said Monday it has agreed on a deal to provide digital video recorder equipment and service to customers of the more than 1,100 member companies of the . The NCTC, based in Lenexa, Kan., buys hardware and programming for its member operators.
The NCTC will serve as a middleman between TiVo and the operators. Until now, customers of those operators who wanted TiVo service have had to buy the equipment and service and install it themselves.
"This gives us the opportunity to work with these cable operators as one single point of contact and make the TiVo service available to them in a way that was difficult for us before," said Joe Miller, vice president of sales and distribution for TiVo. "Our distribution model so far has primarily been retail, so for us, it gives us an additional point of distribution through independent cable operators."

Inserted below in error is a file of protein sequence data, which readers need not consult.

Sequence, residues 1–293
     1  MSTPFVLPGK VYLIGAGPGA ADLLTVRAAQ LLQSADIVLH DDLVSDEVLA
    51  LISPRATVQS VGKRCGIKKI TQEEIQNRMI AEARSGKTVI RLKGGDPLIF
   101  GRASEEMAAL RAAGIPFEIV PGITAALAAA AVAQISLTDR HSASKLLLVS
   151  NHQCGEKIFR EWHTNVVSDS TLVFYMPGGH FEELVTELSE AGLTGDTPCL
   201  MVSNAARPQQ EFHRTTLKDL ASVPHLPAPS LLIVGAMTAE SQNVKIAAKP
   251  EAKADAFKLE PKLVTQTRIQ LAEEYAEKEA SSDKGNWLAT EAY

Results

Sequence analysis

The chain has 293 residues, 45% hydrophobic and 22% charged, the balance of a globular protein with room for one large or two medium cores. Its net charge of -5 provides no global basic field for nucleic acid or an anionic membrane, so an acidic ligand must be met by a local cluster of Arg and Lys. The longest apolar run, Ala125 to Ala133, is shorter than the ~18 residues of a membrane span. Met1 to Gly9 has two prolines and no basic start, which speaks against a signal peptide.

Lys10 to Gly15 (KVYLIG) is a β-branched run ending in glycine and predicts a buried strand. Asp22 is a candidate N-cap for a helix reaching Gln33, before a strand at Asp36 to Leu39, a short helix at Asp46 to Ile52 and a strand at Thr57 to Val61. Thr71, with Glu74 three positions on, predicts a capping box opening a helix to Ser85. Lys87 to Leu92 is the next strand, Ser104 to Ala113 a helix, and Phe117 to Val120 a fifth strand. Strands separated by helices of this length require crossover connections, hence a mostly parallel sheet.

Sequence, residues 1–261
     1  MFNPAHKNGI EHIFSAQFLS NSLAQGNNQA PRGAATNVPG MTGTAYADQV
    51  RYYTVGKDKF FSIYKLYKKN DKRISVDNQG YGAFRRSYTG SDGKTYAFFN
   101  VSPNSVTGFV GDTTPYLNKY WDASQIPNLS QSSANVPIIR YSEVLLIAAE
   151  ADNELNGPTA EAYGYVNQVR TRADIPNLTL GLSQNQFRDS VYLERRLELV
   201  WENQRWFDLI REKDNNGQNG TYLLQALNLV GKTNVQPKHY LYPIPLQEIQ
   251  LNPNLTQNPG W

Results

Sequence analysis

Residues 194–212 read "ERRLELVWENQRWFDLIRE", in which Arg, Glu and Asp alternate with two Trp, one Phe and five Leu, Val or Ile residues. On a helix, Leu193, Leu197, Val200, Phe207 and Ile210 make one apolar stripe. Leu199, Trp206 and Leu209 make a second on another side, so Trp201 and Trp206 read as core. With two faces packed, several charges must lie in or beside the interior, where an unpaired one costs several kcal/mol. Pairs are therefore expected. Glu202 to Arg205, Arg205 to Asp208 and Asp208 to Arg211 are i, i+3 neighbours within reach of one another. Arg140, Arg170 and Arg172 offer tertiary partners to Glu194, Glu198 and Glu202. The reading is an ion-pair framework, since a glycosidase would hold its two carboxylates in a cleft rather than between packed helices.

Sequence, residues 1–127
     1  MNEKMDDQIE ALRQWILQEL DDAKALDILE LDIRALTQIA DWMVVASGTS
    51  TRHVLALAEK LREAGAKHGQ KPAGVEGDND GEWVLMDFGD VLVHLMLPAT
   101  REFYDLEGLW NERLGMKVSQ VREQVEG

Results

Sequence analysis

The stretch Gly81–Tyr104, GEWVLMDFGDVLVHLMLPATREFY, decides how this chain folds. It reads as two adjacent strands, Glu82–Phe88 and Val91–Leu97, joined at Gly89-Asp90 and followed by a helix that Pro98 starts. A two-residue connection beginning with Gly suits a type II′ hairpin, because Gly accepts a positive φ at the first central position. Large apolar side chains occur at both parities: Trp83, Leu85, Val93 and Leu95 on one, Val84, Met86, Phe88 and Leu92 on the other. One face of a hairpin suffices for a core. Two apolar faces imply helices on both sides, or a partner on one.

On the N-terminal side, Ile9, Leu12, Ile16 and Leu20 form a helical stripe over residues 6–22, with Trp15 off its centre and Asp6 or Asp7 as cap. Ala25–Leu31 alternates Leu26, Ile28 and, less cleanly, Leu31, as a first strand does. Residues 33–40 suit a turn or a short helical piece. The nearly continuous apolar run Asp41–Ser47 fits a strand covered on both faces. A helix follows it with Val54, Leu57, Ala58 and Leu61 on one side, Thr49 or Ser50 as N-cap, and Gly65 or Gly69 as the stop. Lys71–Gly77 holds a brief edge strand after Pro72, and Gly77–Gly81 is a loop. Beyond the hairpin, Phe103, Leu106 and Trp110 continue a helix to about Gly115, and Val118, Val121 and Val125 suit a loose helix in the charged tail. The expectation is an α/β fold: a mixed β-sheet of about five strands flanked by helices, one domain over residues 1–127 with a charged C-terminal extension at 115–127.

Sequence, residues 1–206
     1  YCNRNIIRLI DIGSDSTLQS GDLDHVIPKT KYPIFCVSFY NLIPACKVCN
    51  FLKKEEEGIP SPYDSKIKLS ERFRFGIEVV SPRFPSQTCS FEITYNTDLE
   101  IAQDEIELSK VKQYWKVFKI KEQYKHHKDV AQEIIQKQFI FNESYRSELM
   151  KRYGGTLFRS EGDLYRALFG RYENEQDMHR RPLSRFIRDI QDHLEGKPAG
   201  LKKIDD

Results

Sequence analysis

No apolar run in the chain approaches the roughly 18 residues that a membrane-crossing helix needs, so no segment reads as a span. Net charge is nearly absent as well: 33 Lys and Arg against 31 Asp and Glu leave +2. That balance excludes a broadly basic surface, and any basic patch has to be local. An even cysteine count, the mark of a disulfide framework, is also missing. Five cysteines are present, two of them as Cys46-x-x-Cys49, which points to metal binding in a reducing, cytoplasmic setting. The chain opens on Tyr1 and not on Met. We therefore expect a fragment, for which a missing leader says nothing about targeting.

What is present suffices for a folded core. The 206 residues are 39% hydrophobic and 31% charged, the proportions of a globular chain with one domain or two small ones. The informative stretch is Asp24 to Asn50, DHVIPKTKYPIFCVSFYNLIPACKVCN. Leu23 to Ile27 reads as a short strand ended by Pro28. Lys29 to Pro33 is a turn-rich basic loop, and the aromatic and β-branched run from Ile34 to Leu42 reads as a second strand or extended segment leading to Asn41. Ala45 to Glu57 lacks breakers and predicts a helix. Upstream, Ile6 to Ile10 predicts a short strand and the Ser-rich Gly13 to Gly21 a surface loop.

Among the biggest half dozen American cable operators, which control about 80 percent of the country's cable market, TiVo to date has struck a similar distribution deal only with.
Still, to some observers, the partnership between TiVo and the NCTC means the DVR company is now positioned to reach customers in the country's smaller markets.
"It's incremental distribution at the margin for TiVo," said Murray Arenson, a senior analyst with Ferris Baker Watts. "So to have access to these smaller, independent operators makes sense."
In any case, Dan Mulvenon, vice president of public relations for the NCTC, said the partnership is all about giving the organization's members a quick way to bring hot technology into previously lower-tech markets.
"The primary purpose behind this is that small cable operators have not been able to make the transition into a digital environment," Mulvenon said. "They have not been able to roll out DVR technology. By working with TiVo, they'll be able to provide DVR technology in an analog environment."